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Saudi Arabia lists Muslim Brotherhood as terrorist network

Saudi Arabian King Abdullah added the Muslim Brotherhood to his Kingdom's list of terrorist organization on Friday, according to a former police advisor who has trained officers in the Middle East.

A new Saudi decree makes membership in the Muslim Brotherhood a criminal offense.
Police and Security News

According to the former police deputy chief, Carl LaRosa, the Saudi government's list of outlawed groups includes the Iranian-supported Hezbollah and the two groups currently battling Syria's dictator Basher al-Assad -- the Islamic State of Iraq and the Levant (ISIL), formerly known as al-Qaeda in Iraq (AQII) and the al-Qaeda linked, Syrian-based al-Nusra Front, as described in an Examiner news story.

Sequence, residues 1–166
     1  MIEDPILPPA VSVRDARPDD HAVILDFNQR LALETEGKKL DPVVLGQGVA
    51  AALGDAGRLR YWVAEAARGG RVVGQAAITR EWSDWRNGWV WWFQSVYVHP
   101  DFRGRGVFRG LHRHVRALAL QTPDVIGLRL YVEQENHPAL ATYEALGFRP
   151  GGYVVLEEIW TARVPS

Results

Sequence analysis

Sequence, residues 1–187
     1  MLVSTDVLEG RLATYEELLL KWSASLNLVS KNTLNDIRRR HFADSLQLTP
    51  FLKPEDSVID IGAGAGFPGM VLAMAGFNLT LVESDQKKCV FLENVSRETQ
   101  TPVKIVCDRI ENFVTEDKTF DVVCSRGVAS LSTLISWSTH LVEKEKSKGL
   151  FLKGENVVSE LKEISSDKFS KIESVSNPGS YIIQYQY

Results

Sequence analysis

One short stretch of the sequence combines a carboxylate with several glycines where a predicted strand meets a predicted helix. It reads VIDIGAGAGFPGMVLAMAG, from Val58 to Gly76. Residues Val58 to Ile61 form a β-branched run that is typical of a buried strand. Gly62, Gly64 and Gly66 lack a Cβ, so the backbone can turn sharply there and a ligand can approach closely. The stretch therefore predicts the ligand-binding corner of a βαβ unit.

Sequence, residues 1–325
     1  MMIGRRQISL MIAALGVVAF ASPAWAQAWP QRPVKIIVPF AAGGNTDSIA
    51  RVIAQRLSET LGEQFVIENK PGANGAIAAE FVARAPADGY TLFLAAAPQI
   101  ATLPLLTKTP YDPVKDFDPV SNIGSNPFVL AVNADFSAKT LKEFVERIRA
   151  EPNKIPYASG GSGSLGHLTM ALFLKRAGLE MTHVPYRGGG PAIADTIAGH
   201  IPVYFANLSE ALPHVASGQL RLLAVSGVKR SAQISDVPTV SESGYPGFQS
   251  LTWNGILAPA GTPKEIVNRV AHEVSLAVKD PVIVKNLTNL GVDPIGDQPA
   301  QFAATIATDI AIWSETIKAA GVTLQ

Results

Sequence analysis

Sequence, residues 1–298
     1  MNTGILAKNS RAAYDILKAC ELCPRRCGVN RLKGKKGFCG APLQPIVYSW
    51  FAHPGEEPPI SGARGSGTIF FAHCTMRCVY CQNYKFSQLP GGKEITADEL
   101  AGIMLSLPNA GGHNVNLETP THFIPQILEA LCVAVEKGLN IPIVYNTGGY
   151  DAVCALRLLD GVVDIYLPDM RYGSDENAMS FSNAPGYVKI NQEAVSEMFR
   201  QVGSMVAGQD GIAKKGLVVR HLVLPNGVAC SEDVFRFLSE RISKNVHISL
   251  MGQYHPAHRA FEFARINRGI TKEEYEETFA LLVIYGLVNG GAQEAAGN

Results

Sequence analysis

The Saudi royal family and their security and police commanders have been vocal about their concern that citizens of The Kingdom have traveled to Syria to join the rebel forces led by Islamists, according to LaRosa.

King Abdullah has also announced that Saudis currently involved in the Syrian rebellion have two weeks to leave Syria and come home or they will face draconian penalties for being members of terrorist organizations.

The state news agency SPA reported that the Saudi ruler informed his people that membership in any of those groups will result in severe punishment and any material support given to terrorists will be treated as treason.

On Feb. 1, 2014, the Saudi government's counterterrorism law passed by the government ministers became active in an effort to combat terrorism, according to Middle East news stories.

The Saudi law defines terrorism acts committed by individuals or groups that "directly or indirectly undermines public order and the state’s security and stability, or endangers national unity."

The February law gives Saudi police and security forces the authority to detain a suspect for six months and in some cases up to one year.

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